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Comment
Martin Eaton    
Added: 14 Oct 2021 03:56 GMT   

Boundary Estate
Sunbury, Taplow House.

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Comment
STEPHEN JACKSON   
Added: 14 Nov 2021 17:25 GMT   

Fellows Court, E2
my family moved into the tower block 13th floor (maisonette), in 1967 after our street Lenthall rd e8 was demolished, we were one of the first families in the new block. A number of families from our street were rehoused in this and the adjoining flats. Inside toilet and central heating, all very modern at the time, plus eventually a tarmac football pitch in the grounds,(the cage), with a goal painted by the kids on the brick wall of the railway.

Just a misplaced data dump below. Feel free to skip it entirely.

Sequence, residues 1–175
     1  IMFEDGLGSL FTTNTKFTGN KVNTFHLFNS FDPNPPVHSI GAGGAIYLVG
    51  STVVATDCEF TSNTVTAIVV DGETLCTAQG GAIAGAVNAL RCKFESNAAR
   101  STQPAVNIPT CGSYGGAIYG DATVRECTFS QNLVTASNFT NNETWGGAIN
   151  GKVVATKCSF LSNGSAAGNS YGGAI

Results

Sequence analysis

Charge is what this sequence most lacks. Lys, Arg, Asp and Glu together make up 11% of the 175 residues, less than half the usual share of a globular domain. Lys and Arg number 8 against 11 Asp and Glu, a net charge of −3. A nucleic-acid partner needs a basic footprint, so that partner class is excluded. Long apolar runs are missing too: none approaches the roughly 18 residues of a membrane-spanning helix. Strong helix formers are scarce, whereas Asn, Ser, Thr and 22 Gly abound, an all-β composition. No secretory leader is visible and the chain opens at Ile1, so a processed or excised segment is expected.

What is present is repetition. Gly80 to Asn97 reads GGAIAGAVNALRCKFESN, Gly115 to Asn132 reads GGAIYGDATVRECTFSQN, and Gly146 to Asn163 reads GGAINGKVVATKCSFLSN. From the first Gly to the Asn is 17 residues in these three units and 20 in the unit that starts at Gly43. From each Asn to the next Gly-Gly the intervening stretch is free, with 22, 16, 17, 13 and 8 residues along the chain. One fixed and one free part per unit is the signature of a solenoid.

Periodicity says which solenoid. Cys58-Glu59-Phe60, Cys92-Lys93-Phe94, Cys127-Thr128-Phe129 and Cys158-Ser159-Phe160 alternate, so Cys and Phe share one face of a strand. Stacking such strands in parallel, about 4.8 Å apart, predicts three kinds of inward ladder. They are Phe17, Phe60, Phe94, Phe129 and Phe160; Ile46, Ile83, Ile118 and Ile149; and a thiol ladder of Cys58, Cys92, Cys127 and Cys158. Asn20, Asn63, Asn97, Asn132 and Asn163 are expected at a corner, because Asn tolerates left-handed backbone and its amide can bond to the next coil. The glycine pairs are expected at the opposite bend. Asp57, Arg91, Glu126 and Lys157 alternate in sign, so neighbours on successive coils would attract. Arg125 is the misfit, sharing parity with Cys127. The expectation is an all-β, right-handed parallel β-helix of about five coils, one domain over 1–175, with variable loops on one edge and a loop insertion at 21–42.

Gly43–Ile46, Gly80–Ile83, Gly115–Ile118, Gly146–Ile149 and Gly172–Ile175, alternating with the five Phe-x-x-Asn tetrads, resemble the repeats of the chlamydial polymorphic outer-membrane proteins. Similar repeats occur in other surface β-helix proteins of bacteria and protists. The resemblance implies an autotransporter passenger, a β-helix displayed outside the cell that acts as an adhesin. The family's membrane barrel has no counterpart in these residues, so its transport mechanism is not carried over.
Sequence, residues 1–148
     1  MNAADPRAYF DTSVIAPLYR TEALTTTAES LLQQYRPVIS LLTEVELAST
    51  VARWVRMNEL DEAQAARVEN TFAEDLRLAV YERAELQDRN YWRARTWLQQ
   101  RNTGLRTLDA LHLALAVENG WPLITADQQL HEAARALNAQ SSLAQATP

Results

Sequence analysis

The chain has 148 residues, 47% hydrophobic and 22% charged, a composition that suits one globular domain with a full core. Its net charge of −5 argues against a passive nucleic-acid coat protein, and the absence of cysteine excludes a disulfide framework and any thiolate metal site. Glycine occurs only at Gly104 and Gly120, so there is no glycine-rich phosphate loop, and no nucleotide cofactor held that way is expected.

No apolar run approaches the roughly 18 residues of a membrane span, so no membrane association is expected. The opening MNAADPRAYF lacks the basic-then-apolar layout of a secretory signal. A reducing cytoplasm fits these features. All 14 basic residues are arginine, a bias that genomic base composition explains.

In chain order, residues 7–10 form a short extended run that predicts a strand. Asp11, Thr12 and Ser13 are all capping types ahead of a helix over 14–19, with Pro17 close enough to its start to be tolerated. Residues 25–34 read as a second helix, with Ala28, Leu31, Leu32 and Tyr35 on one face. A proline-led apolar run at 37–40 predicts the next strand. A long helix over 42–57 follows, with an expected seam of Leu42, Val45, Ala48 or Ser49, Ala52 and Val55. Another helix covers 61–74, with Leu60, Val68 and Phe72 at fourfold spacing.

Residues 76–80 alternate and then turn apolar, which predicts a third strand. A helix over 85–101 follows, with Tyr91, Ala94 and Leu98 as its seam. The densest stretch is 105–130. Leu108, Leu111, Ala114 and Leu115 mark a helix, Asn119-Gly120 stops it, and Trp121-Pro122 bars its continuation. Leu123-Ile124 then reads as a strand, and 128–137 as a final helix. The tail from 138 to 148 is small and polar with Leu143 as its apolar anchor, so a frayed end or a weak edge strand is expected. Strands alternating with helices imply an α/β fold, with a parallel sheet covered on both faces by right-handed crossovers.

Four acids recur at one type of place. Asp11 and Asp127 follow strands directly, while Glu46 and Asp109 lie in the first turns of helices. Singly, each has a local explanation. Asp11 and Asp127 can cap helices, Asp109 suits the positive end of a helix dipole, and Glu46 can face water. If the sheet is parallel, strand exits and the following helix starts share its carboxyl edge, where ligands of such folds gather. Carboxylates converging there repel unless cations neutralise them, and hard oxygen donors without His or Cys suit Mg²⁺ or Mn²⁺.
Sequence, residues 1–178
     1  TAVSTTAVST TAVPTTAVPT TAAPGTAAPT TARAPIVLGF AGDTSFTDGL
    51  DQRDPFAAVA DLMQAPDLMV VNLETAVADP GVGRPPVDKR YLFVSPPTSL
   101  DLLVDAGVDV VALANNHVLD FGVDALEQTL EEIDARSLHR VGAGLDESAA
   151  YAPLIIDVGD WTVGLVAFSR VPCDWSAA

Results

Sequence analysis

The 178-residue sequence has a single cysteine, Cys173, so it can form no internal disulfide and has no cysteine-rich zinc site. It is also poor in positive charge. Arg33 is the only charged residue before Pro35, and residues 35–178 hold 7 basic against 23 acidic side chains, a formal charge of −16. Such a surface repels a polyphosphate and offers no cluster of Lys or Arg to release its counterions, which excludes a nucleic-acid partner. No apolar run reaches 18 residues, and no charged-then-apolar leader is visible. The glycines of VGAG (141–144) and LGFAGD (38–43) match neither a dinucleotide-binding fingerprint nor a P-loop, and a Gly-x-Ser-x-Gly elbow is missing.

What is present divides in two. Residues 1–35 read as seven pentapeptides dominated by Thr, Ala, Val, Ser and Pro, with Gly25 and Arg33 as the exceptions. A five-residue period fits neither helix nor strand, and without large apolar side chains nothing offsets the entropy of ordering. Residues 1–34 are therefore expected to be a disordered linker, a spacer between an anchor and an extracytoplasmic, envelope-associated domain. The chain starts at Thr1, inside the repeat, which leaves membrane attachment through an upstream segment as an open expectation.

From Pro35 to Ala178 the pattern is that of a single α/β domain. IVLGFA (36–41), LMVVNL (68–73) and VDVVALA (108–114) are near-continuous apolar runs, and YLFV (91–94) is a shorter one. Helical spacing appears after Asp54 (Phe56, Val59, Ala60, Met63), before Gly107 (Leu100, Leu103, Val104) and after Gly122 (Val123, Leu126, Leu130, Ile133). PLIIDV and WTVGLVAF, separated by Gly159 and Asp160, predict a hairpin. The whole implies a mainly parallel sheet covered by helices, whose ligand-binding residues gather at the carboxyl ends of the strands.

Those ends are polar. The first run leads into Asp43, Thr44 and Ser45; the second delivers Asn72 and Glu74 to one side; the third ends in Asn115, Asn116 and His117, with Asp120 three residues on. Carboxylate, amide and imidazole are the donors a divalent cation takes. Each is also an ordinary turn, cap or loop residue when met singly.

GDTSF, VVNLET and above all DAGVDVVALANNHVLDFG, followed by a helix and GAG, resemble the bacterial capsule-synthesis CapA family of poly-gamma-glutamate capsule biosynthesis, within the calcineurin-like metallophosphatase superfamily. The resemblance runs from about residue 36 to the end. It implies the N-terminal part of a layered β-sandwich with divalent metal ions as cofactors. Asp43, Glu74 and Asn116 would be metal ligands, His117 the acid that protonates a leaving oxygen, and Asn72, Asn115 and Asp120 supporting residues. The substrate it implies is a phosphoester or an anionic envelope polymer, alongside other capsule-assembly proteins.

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Comment
The Underground Map   
Added: 8 Mar 2021 15:05 GMT   

A plague on all your houses
Aldgate station is built directly on top of a vast plague pit, where thousands of bodies are apparently buried. No-one knows quite how many.

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Comment
   
Added: 21 Apr 2021 16:21 GMT   

Liverpool Street
the Bishopsgate station has existed since 1840 as a passenger station, but does not appear in the site’s cartography. Evidently, the 1860 map is in fact much earlier than that date.

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Comment
   
Added: 27 Jul 2021 14:31 GMT   

correction
Chaucer did not write Pilgrims Progress. His stories were called the Canterbury Tales

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STEPHEN ARTHUR JACKSON   
Added: 14 Nov 2021 17:12 GMT   

Lynedoch Street, E2
my father Arthur Jackson was born in lynedoch street in 1929 and lived with mm grandparents and siblings, until they were relocated to Pamela house Haggerston rd when the street was to be demolished

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Added: 3 Jun 2021 15:50 GMT